World Poverty Statistics Exist Worldwide
World poverty is an issue that affects the entire world to some extent or another regardless of whether it is present in developed or developing nations. It is a harsh reality to accept that almost 3 billion around the world, almost half of the world’s population live in relative poverty without access to better employment opportunities and hence the chance for a better lifestyle. The statistics that represent world poverty is quite alarming when readers analyze the immense disparities in terms of the distribution of wealth in practically all nations around the world. Other world poverty statistics give an insight to the increase of poverty across the globe, especially in emergent nations and the aggravating social problems caused by this emergence.
The first section that world poverty statistics analyze is the number of children in poverty worldwide. Estimates represent that out of 2.2 billion children in the world; almost 1 billion of them live in poverty. A large portion of these children are condemned with harsh living conditions, constant hunger, lack of access to safe water and the inability to go to school from an early age. Some truly alarming statistics regarding world poverty is the number of children who die every day from poverty-caused conditions. In just one day, estimates show that over 30,000 children die from starvation, disease, hunger, malnutrition and other inadequate living conditions. In less than one year, there are approximately 10 million children who die from these conditions all over the world, Sub-Saharan Africa and South Asia being the most affected and most vulnerable regions.
Another section that world poverty statistics study is the level of income among those most impoverished worldwide. Statistics represent that more than 1.5 billion people live with less than $1.25 per day; this is the international poverty line considered extreme global poverty. To aggravate this scenario, numerous studies have proved that over 3 billion people, almost half of the world’s population live with less than $2.00 per day, a threshold considered relative poverty within international standards. The statistics would show that over half the world lives in poverty which is nothing short of astounding.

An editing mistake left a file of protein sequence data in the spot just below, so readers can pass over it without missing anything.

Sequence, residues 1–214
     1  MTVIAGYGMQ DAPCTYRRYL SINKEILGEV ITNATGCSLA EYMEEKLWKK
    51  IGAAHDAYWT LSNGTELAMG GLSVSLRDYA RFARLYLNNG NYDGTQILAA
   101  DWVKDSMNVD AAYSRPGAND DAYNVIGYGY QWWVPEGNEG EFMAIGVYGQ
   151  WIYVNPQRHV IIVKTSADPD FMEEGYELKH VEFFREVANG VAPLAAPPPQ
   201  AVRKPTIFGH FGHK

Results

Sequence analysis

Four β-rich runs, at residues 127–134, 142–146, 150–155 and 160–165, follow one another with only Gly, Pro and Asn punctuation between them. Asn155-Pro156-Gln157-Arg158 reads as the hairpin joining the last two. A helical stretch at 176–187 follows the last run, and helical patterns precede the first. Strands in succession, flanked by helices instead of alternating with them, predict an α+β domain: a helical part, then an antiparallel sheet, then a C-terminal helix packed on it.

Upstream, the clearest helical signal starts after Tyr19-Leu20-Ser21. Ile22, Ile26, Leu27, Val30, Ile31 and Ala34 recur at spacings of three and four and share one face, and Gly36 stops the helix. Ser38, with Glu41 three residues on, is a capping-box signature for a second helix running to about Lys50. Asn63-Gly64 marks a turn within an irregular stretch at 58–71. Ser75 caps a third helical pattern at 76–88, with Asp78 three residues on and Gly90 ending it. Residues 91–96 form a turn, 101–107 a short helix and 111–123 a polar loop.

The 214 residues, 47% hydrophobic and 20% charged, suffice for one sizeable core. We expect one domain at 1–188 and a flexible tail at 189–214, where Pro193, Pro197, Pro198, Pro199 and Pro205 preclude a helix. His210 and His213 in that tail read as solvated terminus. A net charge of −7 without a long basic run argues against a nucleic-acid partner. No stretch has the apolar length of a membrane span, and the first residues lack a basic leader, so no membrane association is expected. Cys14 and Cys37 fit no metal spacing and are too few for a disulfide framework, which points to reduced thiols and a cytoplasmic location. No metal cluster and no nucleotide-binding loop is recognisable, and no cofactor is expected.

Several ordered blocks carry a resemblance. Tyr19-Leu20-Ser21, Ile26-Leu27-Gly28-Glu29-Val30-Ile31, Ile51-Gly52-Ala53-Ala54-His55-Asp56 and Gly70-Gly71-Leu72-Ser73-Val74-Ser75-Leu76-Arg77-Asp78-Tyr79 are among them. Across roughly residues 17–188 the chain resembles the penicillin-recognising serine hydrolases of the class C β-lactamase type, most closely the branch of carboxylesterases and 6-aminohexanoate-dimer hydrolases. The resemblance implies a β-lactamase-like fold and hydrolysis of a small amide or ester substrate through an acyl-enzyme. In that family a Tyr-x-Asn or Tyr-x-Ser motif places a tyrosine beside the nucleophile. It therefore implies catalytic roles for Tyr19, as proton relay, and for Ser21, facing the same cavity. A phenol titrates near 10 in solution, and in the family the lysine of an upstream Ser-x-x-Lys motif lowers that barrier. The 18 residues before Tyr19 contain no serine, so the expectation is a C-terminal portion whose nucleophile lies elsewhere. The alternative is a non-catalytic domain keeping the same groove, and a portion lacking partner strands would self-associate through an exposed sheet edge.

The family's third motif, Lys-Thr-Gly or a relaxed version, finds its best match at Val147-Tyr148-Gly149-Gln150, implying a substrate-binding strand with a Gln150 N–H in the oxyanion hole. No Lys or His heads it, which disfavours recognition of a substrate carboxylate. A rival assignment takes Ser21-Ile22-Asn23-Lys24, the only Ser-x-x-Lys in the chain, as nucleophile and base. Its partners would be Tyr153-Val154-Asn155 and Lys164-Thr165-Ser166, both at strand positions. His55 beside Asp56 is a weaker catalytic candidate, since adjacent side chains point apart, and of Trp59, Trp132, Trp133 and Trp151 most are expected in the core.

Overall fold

What has been remarkably misunderstood is that the 50% of the population that does not live in poverty live within low incomes that do not guarantee a higher standard of living. This is especially true in developing nations throughout the world. The uneven distribution of wealth is so massive and clearly visible to the point where a small minority that represents less than 5% of the population control all the wealth from their respective countries. When taken to a global basis and context, the poorest 40% of the population receive 5% of the income; whereas the richest 20% receive 75% of the world’s income.
World Poverty Statistics
The third segment that world poverty analyzes are the statistics representing the number of people with adequate access to living essentials such as education, sanitation, healthcare, and food security. There are approximately 72 million children who are out of the school system in their native homelands throughout the world. This alarming statistic is due to the poor educational infrastructure in these countries, lack of teachers, educators and other professionals willing to educate children for extremely incompetent and low salaries. Those 72 million children would be the equivalent of all school-aged children in Europe and North America combined.